ativilaṅghya te 'nty acyutāgatāḥ
kitava yoṣitaḥ kas tyajen niśi
pati—husbands; suta—sons; anvaya—family; bhrātṛ—brothers; bāndhavān—friends; ativilaṅghya—without caring for; te—Your; anti—dear shelter; acyuta—O infallible one; āgatāḥ—have come; gati-vidaḥ—who know everything of our activities; tava—of You; udgīta—by the singing flute; mohitāḥ—being attracted; kitava—O great cheater; yoṣitaḥ—beautiful women; kaḥ—who; tyajet—would give up; niśi—in the dead of night.
" 'Dear Kṛṣṇa, neglecting the order of our husbands and sons, family, brothers and friends and leaving their company, we gopīs have come to You. You know everything about our desires. We have only come because we are attracted by Your supremely musical flute. However, You are a great cheater. Who else would give up the company of young girls like us in the dead of night?'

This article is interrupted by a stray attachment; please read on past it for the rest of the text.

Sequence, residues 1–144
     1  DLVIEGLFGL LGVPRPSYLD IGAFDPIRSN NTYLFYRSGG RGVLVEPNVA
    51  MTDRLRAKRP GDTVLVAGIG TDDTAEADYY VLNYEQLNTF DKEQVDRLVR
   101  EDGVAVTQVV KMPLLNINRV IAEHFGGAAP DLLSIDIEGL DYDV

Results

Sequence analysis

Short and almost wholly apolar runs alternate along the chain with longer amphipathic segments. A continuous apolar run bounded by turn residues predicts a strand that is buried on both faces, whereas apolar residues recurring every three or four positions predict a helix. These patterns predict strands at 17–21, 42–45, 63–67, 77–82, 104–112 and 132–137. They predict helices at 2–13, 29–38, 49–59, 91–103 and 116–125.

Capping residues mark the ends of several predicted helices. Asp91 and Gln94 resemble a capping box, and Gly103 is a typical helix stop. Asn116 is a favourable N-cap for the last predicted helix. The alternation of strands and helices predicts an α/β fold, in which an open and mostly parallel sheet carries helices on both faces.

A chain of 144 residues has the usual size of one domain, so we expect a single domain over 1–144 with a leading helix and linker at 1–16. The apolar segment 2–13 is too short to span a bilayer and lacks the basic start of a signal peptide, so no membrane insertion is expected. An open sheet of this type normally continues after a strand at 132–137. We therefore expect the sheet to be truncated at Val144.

This verse, quoted from Śrīmad-Bhāgavatam (10.31.16), describes how the gopīs exposed themselves for Kṛṣṇa's enjoyment in the dead of night. The gopīs approached Kṛṣṇa to enjoy themselves with Him in the rāsa dance. Kṛṣṇa knew this very well, but He was superficially trying to avoid them. He is therefore addressed by the gopīs as kitava, a great cheater, because He first attracted them to come dance with Him, and yet when they actually came, neglecting the orders of their friends and relatives, He tried to avoid them by giving them good instructions. These cunning instructions were too much for the gopīs to tolerate; they therefore had a right to address Kṛṣṇa as kitava, a great cheater. They were all young girls, and they had come to Him to be enjoyed. How could He avoid them? The gopīs therefore expressed great disappointment in this verse. They came voluntarily, but Kṛṣṇa was so cunning that He wanted to avoid their company. The gopīs' lamentation was certainly very appropriate, and in this way Kṛṣṇa tested their sincerity.
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